If President Obama wants to achieve his goal of returning the United States to its former place atop all countries in higher education attainment by 2020, he is going to need the help of for-profit universities like the University of Phoenix, Kaplan, Corinthian and DeVry, as his own Secretary of Education, Arne Duncan, said recently.
An unidentified hedge fund manager (though according to Mr. Eisman, not him) hired Johnette McConnell Early to encourage federal regulation of for-profit education by sending Education Secretary Arne Duncan a letter signed by 19 executives of homeless shelters and service agencies expressing the concern that "for-profit trade schools and career colleges are systematically preying upon our clients," and pledging support for tighter regulation.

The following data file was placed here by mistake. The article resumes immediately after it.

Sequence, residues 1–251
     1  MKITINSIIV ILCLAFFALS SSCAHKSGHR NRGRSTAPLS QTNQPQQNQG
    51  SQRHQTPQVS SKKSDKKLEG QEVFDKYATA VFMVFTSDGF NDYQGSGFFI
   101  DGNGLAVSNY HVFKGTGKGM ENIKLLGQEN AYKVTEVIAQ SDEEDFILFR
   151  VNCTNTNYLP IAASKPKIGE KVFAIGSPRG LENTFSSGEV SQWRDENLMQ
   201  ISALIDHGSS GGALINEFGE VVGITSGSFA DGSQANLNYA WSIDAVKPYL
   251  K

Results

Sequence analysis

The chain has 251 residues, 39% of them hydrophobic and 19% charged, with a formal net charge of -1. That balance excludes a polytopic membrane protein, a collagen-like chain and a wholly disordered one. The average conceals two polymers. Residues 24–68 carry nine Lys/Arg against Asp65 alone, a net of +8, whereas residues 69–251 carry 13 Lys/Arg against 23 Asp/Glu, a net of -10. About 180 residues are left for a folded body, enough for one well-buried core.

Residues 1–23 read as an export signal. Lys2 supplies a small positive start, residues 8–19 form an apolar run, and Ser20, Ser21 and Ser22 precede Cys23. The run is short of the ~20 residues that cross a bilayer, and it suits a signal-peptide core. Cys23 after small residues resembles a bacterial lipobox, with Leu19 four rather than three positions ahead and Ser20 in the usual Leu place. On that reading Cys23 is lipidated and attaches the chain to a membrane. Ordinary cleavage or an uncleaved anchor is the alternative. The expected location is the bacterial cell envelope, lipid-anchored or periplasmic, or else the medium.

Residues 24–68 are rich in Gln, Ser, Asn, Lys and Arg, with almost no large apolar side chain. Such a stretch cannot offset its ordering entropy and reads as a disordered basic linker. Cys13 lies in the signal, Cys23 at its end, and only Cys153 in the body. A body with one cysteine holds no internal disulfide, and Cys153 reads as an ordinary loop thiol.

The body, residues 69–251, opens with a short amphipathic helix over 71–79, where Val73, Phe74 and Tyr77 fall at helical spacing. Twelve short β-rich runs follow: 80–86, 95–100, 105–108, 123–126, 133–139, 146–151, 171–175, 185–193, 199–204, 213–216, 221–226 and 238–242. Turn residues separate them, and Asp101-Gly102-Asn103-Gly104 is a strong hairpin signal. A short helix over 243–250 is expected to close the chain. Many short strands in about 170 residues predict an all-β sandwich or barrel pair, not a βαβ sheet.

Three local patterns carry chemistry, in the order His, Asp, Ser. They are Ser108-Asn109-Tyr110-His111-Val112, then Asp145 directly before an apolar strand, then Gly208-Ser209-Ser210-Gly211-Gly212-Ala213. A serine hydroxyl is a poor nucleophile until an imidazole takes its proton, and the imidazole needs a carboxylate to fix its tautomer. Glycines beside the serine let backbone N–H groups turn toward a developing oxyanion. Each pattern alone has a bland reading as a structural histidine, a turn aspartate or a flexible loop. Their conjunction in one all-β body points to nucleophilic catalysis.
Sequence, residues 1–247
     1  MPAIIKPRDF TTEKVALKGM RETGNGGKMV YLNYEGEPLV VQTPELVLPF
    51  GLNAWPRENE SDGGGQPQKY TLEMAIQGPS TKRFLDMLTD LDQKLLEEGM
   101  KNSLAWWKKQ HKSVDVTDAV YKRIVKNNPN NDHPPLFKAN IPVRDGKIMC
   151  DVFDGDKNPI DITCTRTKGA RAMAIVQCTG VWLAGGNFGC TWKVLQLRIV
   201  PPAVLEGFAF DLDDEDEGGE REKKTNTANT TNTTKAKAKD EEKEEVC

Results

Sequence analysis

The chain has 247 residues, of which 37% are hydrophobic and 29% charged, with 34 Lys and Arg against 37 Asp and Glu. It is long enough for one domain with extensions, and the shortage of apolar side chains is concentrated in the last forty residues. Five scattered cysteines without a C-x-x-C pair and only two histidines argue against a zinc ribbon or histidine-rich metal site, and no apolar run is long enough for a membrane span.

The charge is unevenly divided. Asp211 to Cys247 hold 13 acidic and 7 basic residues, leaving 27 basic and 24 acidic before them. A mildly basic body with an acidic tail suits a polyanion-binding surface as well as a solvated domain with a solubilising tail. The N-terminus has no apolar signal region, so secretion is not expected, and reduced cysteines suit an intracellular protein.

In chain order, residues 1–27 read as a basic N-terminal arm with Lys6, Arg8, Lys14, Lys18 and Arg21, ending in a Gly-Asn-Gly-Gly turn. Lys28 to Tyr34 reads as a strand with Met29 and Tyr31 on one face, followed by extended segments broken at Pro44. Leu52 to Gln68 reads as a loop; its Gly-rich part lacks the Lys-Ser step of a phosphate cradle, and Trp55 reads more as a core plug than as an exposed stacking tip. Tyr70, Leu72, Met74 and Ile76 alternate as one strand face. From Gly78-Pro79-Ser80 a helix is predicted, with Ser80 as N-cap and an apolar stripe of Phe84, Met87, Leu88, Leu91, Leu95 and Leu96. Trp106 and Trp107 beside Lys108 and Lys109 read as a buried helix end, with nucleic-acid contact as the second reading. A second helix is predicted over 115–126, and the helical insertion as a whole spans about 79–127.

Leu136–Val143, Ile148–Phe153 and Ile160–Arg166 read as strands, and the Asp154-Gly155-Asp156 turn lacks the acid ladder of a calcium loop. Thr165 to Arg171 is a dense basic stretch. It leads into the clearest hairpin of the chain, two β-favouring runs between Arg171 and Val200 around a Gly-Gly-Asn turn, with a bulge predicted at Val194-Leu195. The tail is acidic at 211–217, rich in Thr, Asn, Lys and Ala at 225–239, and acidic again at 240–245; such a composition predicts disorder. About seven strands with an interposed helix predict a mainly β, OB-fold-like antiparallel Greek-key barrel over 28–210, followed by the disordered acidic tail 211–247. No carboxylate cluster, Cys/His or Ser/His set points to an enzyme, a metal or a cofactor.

In education circles, however, there's no hotter topic than who is going to be the next Secretary of Education -- and if it's going to be Linda Darling-Hammond, a Stanford professor known for her focus on teacher quality and her early opposition to the popular teacher recruitment program called Teach For America.
Duncan, a basketball buddy of Obama's, has been called a "budding hero in the education business" by Bush's former Education secretary, Rod Paige.
But in terms of reforming education, the nation's public schools, can this president-elect and the incoming Education secretary do it without antagonizing and going to war, at times, with the teachers 'unions?